Patients with midlife type 2 diabetes have a significantly increased risk for cerebral infarction and occlusion of cerebral arteries later in life, according to study results published in Diabetologia.

The results did not, however, indicate that these patients have an increased risk for intracerebral hemorrhage or subarachnoid hemorrhage.

The study included participants who were twins born in 1958 or earlier in whom no cerebrovascular disease was documented before the age of 60 (n = 33,086). The researchers used self-reported data, the National Patient Registry, and record of glucose-lowering medication use to determine the rate of midlife type 2 diabetes (onset at age 40-59 years). They used National Patient Registry records to identify cerebrovascular disease diagnosis (cerebral infarction, occlusion of cerebral arteries, subarachnoid hemorrhage, intracerebral hemorrhage, and unspecified cerebrovascular disease) and age of onset.

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The researchers defined late-life cerebrovascular disease as age of onset ≥60 years. They used generalized estimating equation models to analyze unmatched case-control data after adjusting for the clustering of twins within a pair. They also used conditional logistic regression in co-twin matched case-control analyses in twin pairs in which one twin had cerebrovascular disease.

Of the participants, 3.8% (n = 1248) had midlife type 2 diabetes and 9.4% (n = 3121) had cerebrovascular disease in late life.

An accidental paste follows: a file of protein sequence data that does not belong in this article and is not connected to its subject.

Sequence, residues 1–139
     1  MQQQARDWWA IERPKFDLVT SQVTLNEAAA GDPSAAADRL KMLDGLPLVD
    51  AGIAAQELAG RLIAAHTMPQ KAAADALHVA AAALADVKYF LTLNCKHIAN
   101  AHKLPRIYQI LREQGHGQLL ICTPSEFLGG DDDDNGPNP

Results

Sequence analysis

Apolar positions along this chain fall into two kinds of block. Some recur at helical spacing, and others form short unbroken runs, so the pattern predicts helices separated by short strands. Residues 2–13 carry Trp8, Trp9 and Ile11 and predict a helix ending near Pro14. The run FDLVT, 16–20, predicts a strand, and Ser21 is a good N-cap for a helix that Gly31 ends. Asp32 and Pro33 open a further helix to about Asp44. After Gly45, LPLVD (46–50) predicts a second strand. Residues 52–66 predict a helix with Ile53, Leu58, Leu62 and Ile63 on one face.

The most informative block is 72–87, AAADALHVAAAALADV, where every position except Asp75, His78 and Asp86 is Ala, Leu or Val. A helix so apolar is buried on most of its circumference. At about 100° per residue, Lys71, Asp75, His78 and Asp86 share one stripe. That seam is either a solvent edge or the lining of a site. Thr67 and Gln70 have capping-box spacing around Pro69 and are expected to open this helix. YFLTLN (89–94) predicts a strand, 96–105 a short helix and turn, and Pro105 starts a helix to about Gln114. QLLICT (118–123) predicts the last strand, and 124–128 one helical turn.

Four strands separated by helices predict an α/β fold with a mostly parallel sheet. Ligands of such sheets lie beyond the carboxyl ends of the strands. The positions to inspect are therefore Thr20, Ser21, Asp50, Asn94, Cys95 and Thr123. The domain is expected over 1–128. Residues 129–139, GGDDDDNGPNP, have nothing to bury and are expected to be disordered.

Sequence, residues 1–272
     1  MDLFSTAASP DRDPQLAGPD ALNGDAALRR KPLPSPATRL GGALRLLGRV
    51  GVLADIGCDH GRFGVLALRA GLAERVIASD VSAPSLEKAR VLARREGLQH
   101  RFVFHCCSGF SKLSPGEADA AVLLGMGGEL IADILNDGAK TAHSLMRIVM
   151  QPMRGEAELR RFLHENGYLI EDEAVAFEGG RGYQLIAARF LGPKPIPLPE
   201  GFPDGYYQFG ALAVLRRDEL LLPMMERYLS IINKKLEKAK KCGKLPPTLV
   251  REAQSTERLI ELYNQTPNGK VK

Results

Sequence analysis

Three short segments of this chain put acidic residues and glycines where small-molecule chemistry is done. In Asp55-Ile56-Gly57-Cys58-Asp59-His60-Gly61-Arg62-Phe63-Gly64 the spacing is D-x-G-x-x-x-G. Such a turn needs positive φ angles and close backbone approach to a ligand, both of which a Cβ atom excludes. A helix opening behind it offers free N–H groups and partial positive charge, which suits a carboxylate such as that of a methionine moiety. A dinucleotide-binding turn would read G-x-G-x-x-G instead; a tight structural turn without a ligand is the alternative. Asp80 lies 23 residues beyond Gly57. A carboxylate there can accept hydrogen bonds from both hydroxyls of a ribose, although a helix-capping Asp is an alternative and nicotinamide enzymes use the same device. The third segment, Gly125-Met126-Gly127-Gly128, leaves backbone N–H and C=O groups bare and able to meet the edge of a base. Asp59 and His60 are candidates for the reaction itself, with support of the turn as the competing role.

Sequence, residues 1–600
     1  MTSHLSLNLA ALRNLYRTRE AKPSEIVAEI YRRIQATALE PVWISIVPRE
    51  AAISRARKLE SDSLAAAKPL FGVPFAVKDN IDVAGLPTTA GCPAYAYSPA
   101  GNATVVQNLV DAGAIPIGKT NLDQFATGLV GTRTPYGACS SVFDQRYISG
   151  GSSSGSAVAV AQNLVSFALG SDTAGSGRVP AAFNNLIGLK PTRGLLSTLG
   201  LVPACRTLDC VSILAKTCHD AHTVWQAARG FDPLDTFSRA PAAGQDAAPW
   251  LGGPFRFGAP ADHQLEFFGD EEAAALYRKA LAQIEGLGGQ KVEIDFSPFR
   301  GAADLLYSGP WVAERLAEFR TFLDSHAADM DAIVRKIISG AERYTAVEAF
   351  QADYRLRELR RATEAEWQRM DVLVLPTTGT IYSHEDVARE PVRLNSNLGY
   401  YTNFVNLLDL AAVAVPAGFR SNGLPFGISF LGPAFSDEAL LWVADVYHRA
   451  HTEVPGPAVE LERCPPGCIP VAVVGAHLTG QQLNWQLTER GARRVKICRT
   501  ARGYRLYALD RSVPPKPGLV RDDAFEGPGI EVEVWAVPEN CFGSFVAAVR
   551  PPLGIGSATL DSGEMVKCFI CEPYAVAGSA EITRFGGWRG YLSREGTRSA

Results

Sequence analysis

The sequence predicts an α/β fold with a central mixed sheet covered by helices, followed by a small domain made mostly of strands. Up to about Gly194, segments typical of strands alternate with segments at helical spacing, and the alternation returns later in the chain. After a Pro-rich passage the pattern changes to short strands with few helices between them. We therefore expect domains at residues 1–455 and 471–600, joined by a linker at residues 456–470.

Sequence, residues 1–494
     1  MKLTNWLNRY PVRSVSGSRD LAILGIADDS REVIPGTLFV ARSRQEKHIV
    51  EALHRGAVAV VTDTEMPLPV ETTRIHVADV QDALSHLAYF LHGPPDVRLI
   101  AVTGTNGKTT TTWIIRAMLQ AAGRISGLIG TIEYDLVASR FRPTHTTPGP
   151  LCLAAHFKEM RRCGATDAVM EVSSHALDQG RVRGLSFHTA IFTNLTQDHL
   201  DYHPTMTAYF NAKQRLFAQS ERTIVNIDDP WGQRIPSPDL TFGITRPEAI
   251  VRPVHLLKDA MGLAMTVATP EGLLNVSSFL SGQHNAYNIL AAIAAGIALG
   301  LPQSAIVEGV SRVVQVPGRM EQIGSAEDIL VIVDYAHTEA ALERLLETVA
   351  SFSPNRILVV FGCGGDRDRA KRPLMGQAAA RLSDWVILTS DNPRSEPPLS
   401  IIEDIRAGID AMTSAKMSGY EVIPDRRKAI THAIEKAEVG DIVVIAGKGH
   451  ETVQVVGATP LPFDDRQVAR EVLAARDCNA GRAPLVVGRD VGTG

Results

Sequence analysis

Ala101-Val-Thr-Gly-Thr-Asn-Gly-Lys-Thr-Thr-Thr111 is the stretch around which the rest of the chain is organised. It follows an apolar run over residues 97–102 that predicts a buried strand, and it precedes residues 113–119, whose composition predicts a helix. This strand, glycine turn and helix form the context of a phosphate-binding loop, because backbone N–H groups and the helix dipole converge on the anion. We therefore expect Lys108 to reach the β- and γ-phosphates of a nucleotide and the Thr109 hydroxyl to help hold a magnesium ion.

After adjusting for age, sex, education, body mass index, smoking, alcohol consumption, marital status, hypertension, and heart disease, the researchers found that participants with type 2 diabetes had an odds ratio of 1.29 for cerebral infarction (95% CI, 1.03-1.61), 2.03 for occlusion of cerebral arteries (95% CI, 1.20-3.44), 0.52 for subarachnoid hemorrhage (95% CI, 0.12-2.21), and 0.78 for intracerebral hemorrhage (95% CI, 0.45-1.36).

Results from the co-twin analysis did not differ significantly from the general estimating model, indicating that genetic and familial environmental factors in early life likely did not contribute as confounders.

“Our findings highlight the need to control midlife type 2 diabetes to help prevent cerebral infarction and occlusion of cerebral arteries in late life,” the researchers wrote.

Reference

Yang R, Pedersen NL, Bao C, et al. Type 2 diabetes in midlife and risk of cerebrovascular disease in late life: a prospective nested case-control study in a nationwide Swedish twin cohort [published online June 5, 2019]. Diabetologia. doi:10.1007/s00125-019-4892-3

This article originally appeared on Endocrinology Advisor